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Visits Versus Telephone Calls for Postoperative Care

2016-09-07 16:23:21 | BioPortfolio

Summary

The OPTIONs study is a randomized controlled, non-inferiority study to evaluate postoperative care using outpatient clinic visits versus telephone calls for women undergoing surgery for pelvic floor disorders. The primary outcome is patient satisfaction using the Surgical-Consumer Assessment of Healthcare Providers and Systems (S-CAHPS) questionnaire provided by the Agency for Healthcare Research and Quality (AHRQ). Secondary outcomes include safety and cost analysis for patients' direct and indirect medical costs. Women who speak and understand either English or Spanish and planning to undergo an elective surgery for a pelvic disorder will be recruited. Baseline demographics, satisfaction, and cost analysis questionnaires will be acquired pre-operatively. Randomization will be assigned at the time of discharge from the hospital. Patients will either have scheduled clinic visits at 1-2 weeks, 6 weeks, and 3 months or telephone calls by a registered nurse at these same intervals. Questionnaires will be completed at 3 months for satisfaction and cost analysis.

Description

A. Objectives Healthcare in the United States is costly, does not result in high patient satisfaction and is in need of reform. It is well known that the current state of healthcare delivery is trapped in a paradox with higher spending and poorer outcomes compared to other countries. To bring American healthcare back on course, the focus must shift to value. Health care value relies on quality and cost with the following equation: value = quality ÷ cost. Quality incorporates clinical outcomes, safety, and patient satisfaction. Routinely, hospitals and providers are rated on their postoperative care using the Consumer Assessment of Healthcare Providers and Systems (S-CAHPS) endorsed by the Agency for Healthcare Research and Quality (AHRQ). (https://cahps.ahrq.gov) In this equation, value increases by improving quality with increasing patient satisfaction and/or lowering costs without negatively impacting outcomes and maintaining safety. All healthcare stakeholders including patients, payers, providers, and suppliers benefit from working towards improving value.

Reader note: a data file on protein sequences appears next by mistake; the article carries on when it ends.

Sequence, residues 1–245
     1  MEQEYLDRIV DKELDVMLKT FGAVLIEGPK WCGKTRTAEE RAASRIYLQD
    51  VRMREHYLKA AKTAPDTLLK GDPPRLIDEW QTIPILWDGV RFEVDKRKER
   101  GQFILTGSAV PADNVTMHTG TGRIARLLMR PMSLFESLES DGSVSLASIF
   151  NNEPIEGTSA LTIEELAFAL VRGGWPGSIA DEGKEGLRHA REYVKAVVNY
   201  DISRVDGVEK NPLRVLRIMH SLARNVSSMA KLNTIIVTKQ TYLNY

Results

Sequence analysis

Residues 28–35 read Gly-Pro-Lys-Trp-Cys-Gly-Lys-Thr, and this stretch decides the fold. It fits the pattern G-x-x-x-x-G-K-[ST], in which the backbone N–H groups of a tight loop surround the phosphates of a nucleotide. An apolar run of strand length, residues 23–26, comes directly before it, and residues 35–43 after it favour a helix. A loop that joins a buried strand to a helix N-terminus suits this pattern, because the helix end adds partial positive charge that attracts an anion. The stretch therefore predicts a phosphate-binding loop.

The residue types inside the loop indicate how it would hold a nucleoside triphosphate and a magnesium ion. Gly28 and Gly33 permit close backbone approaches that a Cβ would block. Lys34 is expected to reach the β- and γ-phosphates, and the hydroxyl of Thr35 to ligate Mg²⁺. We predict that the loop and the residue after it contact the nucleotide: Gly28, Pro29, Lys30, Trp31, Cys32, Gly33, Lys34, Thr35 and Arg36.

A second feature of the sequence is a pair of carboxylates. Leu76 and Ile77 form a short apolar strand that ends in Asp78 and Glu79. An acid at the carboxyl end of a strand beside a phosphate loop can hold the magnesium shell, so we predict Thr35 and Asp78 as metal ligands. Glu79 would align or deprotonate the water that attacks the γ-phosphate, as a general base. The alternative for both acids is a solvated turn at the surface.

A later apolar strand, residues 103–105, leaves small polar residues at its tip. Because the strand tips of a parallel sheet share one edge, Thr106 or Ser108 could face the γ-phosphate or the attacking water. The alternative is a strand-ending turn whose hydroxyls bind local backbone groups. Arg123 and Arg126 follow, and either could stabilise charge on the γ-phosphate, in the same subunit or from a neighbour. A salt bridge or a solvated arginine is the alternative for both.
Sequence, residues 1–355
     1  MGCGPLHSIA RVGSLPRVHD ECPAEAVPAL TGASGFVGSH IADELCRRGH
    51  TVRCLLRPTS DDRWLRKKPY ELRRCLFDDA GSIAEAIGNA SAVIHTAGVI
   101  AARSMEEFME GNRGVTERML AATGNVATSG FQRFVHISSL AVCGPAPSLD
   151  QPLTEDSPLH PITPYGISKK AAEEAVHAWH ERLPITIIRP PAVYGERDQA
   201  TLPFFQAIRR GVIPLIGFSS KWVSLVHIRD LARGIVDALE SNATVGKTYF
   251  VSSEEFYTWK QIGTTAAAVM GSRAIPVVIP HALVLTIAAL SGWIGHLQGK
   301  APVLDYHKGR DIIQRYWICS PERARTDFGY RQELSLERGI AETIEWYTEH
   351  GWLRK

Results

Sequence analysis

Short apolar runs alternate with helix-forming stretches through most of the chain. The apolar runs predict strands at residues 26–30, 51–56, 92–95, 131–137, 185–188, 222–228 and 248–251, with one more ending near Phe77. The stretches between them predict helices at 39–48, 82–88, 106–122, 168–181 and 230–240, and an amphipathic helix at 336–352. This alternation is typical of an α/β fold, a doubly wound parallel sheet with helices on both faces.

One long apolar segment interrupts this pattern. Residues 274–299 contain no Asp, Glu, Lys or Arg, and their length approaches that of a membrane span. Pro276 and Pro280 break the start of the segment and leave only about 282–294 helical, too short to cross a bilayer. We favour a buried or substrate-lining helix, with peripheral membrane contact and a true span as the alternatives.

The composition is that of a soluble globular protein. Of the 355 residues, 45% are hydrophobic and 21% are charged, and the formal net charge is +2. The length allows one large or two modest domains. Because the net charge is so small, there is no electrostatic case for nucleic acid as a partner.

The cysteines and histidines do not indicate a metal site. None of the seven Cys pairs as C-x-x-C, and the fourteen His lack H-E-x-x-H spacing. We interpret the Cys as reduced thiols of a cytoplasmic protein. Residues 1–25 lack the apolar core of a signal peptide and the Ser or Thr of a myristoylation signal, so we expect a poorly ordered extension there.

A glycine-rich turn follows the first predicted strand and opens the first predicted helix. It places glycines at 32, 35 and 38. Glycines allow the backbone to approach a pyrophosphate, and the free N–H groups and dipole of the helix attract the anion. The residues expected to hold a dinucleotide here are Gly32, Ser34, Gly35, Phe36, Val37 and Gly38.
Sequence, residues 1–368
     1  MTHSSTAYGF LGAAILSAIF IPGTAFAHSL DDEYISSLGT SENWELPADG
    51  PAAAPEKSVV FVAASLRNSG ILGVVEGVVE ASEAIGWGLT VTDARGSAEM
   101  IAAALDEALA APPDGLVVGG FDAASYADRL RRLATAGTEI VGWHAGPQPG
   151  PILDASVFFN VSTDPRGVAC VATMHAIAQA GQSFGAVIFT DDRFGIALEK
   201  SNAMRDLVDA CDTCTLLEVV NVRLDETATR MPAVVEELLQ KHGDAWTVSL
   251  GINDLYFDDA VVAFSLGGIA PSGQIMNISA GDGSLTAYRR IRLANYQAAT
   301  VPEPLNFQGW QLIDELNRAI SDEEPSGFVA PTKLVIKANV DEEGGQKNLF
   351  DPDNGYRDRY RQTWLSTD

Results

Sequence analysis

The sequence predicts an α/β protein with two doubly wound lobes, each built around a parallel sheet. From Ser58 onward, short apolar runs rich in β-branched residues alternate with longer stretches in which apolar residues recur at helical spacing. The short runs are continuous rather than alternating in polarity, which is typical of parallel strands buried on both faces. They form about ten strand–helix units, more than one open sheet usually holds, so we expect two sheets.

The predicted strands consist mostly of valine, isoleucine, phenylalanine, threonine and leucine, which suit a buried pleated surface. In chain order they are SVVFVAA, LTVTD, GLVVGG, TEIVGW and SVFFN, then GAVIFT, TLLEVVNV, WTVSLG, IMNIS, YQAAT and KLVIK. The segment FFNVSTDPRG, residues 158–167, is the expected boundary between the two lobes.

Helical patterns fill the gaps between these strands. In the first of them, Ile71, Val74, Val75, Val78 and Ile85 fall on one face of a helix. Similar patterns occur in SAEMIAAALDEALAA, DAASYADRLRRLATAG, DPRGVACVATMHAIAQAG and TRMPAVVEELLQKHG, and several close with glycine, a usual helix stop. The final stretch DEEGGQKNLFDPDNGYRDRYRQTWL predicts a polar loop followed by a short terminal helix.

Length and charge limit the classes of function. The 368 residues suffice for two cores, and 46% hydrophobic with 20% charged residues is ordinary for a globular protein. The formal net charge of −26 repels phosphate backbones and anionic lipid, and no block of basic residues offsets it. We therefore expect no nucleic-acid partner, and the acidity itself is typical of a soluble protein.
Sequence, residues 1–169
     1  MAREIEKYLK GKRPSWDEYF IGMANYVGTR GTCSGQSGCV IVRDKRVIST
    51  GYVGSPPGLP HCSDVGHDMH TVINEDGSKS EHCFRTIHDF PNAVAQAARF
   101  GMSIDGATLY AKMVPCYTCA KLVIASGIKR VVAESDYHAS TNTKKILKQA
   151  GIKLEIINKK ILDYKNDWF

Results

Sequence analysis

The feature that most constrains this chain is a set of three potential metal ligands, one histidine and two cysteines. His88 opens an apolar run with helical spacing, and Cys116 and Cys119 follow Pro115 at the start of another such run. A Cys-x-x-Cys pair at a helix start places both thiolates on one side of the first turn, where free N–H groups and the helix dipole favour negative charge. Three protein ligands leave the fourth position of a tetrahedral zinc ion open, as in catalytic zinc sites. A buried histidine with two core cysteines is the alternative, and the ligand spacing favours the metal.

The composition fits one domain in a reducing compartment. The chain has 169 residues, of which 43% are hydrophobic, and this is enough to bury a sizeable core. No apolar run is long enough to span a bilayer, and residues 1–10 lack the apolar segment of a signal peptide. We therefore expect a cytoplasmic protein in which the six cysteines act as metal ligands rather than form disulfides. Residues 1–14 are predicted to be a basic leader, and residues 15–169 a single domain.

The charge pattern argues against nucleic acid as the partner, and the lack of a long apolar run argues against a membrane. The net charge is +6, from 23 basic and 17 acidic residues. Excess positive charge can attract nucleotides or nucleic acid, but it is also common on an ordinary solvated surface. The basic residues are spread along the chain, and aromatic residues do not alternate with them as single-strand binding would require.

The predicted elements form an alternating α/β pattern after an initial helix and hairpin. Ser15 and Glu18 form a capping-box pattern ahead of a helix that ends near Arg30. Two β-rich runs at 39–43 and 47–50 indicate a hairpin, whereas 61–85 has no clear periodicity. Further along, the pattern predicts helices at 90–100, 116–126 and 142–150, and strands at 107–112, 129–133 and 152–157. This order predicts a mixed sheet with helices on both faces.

The value of routine, interval post-operative visits is unknown. Post-operative clinical visits are considered a "gold standard" based solely on tradition. Postoperative care of patients over the telephone has been utilized in place of traditional outpatient postoperative visits in the pediatric and adult surgery literature. Retrospectively, this form of postoperative care has proven to be safe, effective, and reduces patients' nonmedical costs with improvements in patient satisfaction as measured on non-validated global scales. However, a prospective trial evaluating patient satisfaction and the safety of phone call postoperative visits has not been undertaken. A key gap in assessing the value of Urogynecologic care is assessing the value of routine postoperative visits.

The specific aims for this study include the following: